Have you tried punch needle yet? I’ve been wanting to try it for a long long time but I REALLY don’t need a new craft obsession, do I? No, no I don’t, but I tried it anyway! But I’ve been seeing some beautiful punch needle projects on Instagram and it just looks so darn fun! In fact, I posted a photo of my first attempt on Instagram and it’s gotten a lot of positive feedback, so I thought I would share it here as well.
I got a regular size 9 punch needle from the Oxford Company for my birthday, as well as some monk’s cloth. The punch needles are a pointed metal tube with a turned wood handle. There are different sizes for various weights of yarn and loop heights. The monk’s cloth is a special fabric that is used because it’s structure helps hold the loops in place as you work. Typically one would also buy a frame to stretch the cloth onto, but I just used a large quilting hoop, about 14″ wide. Here you can see my first little practice blob, working from the “wrong” side of the piece. You literally punch the tool into the fabric, pull it up then punch it back down about 1/4″ away. that makes kind of a stitch on the side you can see, and 2 loops on the other side. You just keep punching up and down to fill in a shape. If you make a mistake or don’t like it, you can just pull on it to undo your loops.
This is the right side of the piece. I used some roving style wool yarn, bulky size, that I had in my stash. I worked in random circles and just kept changing yarn colors and adding concentric circles around the last color used. It wasn’t too hard to get the hang of, although in the future I’ll be getting a frame because I don’t think the hoop held the monk’s cloth tight enough.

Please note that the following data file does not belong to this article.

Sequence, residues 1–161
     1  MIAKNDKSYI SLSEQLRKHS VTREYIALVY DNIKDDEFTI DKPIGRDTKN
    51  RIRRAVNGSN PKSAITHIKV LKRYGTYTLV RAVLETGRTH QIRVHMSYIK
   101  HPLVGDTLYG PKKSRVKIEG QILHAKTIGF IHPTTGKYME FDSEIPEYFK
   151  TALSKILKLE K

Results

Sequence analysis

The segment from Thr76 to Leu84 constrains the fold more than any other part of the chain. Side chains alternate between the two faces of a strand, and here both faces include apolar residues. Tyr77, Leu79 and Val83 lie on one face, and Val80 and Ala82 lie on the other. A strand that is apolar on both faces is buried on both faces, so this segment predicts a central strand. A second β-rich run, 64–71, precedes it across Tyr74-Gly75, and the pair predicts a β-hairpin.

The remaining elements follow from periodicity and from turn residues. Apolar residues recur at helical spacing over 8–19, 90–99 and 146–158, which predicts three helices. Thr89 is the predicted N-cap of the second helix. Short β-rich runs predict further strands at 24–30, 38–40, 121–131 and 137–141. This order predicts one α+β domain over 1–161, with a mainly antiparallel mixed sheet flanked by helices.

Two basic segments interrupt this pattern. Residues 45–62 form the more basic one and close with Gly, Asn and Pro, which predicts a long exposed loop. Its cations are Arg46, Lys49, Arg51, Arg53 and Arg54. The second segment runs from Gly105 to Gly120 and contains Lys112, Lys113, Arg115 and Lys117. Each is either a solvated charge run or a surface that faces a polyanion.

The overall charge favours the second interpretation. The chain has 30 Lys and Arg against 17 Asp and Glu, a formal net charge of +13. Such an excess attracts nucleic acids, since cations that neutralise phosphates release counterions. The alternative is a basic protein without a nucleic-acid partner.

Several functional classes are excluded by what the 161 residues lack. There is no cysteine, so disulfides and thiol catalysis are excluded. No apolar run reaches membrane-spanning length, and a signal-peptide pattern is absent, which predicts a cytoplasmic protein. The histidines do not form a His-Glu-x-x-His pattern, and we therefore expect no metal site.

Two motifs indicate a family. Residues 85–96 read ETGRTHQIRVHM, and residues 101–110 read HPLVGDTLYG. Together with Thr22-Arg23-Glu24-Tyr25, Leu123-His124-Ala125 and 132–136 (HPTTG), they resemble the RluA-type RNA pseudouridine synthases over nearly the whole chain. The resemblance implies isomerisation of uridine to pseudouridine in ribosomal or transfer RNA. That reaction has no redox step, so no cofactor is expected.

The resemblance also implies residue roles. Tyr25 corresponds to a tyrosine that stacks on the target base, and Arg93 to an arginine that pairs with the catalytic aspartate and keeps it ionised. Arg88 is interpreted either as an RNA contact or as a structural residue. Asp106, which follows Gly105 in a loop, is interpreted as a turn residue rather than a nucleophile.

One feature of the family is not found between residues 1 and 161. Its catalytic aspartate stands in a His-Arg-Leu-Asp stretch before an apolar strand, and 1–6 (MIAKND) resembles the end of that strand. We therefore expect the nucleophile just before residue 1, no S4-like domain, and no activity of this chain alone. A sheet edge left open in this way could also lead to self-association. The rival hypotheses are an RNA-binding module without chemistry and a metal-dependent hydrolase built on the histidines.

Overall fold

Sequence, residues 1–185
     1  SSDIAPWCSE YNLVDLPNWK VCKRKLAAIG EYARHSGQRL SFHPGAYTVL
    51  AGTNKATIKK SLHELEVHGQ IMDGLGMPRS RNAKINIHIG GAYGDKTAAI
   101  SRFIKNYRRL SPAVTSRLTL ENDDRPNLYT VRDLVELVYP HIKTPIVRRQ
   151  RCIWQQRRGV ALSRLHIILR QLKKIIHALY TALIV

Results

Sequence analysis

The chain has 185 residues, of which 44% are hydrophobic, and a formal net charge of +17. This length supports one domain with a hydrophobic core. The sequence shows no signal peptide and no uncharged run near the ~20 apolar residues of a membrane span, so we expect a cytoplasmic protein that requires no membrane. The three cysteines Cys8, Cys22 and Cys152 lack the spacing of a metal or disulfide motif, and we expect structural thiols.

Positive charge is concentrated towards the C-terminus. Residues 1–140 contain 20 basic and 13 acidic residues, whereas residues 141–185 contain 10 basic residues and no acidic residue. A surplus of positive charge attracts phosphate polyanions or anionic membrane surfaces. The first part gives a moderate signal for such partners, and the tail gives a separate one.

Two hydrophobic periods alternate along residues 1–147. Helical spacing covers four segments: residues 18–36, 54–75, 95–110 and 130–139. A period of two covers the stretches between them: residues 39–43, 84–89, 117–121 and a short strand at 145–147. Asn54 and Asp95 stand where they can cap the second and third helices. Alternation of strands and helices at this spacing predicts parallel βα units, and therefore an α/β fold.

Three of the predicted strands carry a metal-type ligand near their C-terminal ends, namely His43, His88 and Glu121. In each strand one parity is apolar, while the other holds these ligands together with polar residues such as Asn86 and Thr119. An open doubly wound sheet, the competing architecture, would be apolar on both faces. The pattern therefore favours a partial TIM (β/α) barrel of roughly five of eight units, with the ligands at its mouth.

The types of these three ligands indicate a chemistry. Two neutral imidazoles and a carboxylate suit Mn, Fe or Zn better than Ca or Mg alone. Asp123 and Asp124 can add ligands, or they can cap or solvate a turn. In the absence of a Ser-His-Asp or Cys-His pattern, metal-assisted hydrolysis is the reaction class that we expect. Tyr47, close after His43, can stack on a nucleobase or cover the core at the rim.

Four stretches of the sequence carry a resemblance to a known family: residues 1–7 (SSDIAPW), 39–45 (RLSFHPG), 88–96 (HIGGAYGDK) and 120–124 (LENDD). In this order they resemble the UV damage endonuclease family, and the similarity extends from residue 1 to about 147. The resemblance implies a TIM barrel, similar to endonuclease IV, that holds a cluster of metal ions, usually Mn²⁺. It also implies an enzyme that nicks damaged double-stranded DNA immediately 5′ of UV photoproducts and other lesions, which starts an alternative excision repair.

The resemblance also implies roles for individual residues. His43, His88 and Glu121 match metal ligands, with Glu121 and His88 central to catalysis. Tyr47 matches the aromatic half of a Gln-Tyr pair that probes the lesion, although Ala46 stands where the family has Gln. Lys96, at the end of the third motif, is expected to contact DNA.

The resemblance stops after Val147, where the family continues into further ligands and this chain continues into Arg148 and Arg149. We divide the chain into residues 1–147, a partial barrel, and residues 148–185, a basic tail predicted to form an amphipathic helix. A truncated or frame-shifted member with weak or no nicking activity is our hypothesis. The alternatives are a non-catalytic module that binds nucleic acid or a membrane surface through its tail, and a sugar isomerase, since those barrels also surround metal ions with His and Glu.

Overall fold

Round and round, punch punch punch! It really is fun and very addicting! As my circles ran into each other, I filled in the little spaces where needed. Then I punched around the perimeter until the whole hoop was filled in!
I thought that perhaps I’d make this into a pillow, but when I took it out of the hoop it sort of poofed up! It reminded me of the top of a stool. I realized that I had the perfect stool to cover!
The punch needled area was the right size for the top of the stool, but I knew I wanted it to be more secure. So I found some wool fabric in a coordinating color to make a casing around the edge. I sewed it to the monks cloth as close as possible to the loops, using the zipper foot on my machine. Then I laced a drawcord through the casing to cinch it up under the edge of the seat. It attaches kind of like the cover of an ironing board.
I’m in love with how it turned out! This stool was my grandparents. I used to sit on it in the kitchen of my grandparents house and talk to my Grandma while she was cooking. Many years later when my first child was learning to walk, he pushed this stool all around her kitchen. And now it’s mine and I’ve added another chapter to the story of this stool. :)
If you’re interested in learning more about using a punch needle, I suggest checking out the Oxford Company website! Amy Oxford has lots of youtube videos to help you get started.